Islam is often blamed for violence towards suppressed women. The occasion of Noura Hussein, who is sentenced to death, evidences otherwise, says social advocate and writer Yassmin Abdel-Magied

Violence against women does not discriminate. One in three women across the globe event physical or sexual violence in “peoples lives”, regardless of race, age or income. Intimate partner violence is the most common form, with physical violence occurring to as many as two out of three women who have ever been in an intimate partnership.

This is not news, and hitherto, the difference in how this violence is discussed is stark, depending on where and by whom it has been perpetrated. When the brutality occurs in majority Muslim countries, pundits are speedy to blame Islam itself, instead of noticing the army of Muslim women who are fighting for their rights within the faith, and representing maidens- and themselves- at all costs.

Noura Hussein, a young lady from Sudan, provisions an helpful and urgent example. At persons under the age of 16, Noura was forced into a matrimony by her father. She refused and escaped from her family home near Khartoum to stay with her aunt in Sennar, around 250 km away. She lived there for three years, determined to finish her education, when she received text that the wedding schedules had been cancelled, and she was welcome to come home.

On her return, it became apparent that she had been tricked. The wedding ceremony was underway, and Noura was duly “given” to the groom. Distraught, the 19 -year-old refused to consummate the matrimony for a number of epoches. Within the week, her husband’s tactics became increasingly aggressive. Noura’s partner abused her, with the help of relatives who pinned her down during the act.

When the husband returned the next day to repeat the crime, Noura retaliated. She jabbed her husband a number of seasons, eventually killing her rapist. She thereafter returned to her family, who were allegedly then disowned her and turned her over to the police.

Over a year later, on 29 April, 2018, Noura was imprisoned of assassination. On 10 May, she was sentenced to death. His family was offered the choice of either admitting monetary seeks compensation for the crime, or executing. They chose the latter. Now the family and community have 15 daylights to appeal the sentence. They wished to be invalidate the decision to execute Noura for representing herself against physical and sexual violence, and navigating an impossible situation that no young lady should ever face.

Noura’s legend is perhaps not odd in a macrocosm where intimate partner violence is rife. Nonetheless, there is something about Noura’s case that is indicative of a wider truth. The majority of people involved in raising awareness about this young woman’s case are other Sudanese Muslim ladies. The advocates “workin on” the instance in Washington DC are members of the Sudanese diaspora, and parole of the case contacted me through another Sudanese writer’s Instagram and blogposts. The majority of beings fighting for Noura are women, Muslim women.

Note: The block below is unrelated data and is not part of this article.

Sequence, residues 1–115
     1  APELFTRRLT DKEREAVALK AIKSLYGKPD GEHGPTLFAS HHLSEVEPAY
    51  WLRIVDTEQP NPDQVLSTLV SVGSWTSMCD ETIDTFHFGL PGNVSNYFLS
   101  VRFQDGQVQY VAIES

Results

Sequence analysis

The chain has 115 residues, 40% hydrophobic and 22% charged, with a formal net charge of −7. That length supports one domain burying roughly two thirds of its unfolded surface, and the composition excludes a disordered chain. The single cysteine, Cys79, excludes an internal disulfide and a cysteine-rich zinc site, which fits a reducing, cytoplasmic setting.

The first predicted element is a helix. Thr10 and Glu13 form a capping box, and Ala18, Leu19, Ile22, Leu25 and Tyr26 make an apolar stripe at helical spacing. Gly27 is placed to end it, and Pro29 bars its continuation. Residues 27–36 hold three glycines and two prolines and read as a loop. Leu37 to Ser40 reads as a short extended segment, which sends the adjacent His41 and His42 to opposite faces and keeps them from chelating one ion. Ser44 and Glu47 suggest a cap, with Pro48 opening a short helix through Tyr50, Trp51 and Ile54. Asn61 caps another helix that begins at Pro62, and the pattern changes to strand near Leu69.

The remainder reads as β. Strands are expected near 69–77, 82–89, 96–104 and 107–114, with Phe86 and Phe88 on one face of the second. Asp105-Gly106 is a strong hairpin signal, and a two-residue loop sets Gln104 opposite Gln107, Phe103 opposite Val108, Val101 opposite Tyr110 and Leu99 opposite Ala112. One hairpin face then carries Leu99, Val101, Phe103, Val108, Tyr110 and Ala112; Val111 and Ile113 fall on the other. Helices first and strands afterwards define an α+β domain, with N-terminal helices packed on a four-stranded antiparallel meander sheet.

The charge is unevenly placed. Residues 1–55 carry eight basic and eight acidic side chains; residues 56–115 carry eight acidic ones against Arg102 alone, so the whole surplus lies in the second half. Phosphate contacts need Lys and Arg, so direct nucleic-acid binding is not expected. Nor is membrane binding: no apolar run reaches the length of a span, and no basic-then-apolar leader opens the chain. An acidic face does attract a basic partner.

This reality flies in the face of those who claim that Muslim ladies are suppressed, subservient or believes in a religion that takes away their rights. It likewise is currently in complete opposition to men who try to use a warped form of sharia to justify any part of such a situation- the forced marriage, the rape, the sentencing. The wives bickering on Noura’s behalf point to both constitution and theology: to be wedded without assent is forbidden in Islam. Child marriage is still practised, although women continue to fight the laws and institutions that allow it.

However, as happens so often in cases like this, the fib becomes an opportunity for the publicize of grudges and prejudices about Islam, through the proof of advocating for women’s rights. Islam is brutal, parties will say, because of how they consider their women- and appear, here is an example that reinforces that argument!

Let the women who are advocates for #JusticeForNoura set an example of how that is fundamentally incorrect. The load on Muslim females is impossibly heavy- to defend themselves against both the stupidity of non-Muslims with an Islamophobic agenda, and the deeply patriarchal criteria that exist within readings of sharia around the world. To restate Dr Susan Carland, Muslim women forever face a catch-2 2. However, when the fight absolutely is on, as in the case of Noura, they are the firstly to step up to fight for each other’s rights and protection. Tell me, how is that oppression?

* Yassmin Abdel-Magied is a mechanical architect, social propose, and writer. Trip her website here

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